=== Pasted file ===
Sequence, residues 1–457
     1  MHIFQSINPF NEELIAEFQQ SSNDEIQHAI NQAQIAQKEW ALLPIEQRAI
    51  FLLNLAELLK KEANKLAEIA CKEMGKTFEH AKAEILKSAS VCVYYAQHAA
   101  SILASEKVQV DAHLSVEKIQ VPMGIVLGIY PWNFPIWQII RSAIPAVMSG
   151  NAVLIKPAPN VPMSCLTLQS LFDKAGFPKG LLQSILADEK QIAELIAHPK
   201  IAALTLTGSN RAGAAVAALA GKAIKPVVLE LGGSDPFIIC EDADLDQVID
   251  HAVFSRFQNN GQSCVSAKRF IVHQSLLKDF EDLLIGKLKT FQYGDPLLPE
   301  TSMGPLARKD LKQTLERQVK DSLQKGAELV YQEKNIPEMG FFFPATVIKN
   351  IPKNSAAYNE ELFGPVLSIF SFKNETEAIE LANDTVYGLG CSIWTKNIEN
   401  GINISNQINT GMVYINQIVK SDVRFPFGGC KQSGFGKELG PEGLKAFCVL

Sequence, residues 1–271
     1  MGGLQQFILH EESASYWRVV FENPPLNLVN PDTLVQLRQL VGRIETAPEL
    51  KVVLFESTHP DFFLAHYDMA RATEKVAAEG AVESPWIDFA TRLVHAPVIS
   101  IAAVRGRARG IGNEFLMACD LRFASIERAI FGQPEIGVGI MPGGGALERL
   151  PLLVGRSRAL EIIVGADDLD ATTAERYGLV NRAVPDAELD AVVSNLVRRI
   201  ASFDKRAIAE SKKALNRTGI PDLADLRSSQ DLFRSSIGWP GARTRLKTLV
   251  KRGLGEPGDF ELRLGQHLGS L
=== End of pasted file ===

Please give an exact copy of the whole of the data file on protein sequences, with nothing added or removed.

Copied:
Sequence, residues 1–457
     1  MHIFQSINPF NEELIAEFQQ SSNDEIQHAI NQAQIAQKEW ALLPIEQRAI
    51  FLLNLAELLK KEANKLAEIA CKEMGKTFEH AKAEILKSAS VCVYYAQHAA
   101  SILASEKVQV DAHLSVEKIQ VPMGIVLGIY PWNFPIWQII RSAIPAVMSG
   151  NAVLIKPAPN VPMSCLTLQS LFDKAGFPKG LLQSILADEK QIAELIAHPK
   201  IAALTLTGSN RAGAAVAALA GKAIKPVVLE LGGSDPFIIC EDADLDQVID
   251  HAVFSRFQNN GQSCVSAKRF IVHQSLLKDF EDLLIGKLKT FQYGDPLLPE
   301  TSMGPLARKD LKQTLERQVK DSLQKGAELV YQEKNIPEMG FFFPATVIKN
   351  IPKNSAAYNE ELFGPVLSIF SFKNETEAIE LANDTVYGLG CSIWTKNIEN
   401  GINISNQINT GMVYINQIVK SDVRFPFGGC KQSGFGKELG PEGLKAFCVL

Sequence, residues 1–271
     1  MGGLQQFILH EESASYWRVV FENPPLNLVN PDTLVQLRQL VGRIETAPEL
    51  KVVLFESTHP DFFLAHYDMA RATEKVAAEG AVESPWIDFA TRLVHAPVIS
   101  IAAVRGRARG IGNEFLMACD LRFASIERAI FGQPEIGVGI MPGGGALERL
   151  PLLVGRSRAL EIIVGADDLD ATTAERYGLV NRAVPDAELD AVVSNLVRRI
   201  ASFDKRAIAE SKKALNRTGI PDLADLRSSQ DLFRSSIGWP GARTRLKTLV
   251  KRGLGEPGDF ELRLGQHLGS L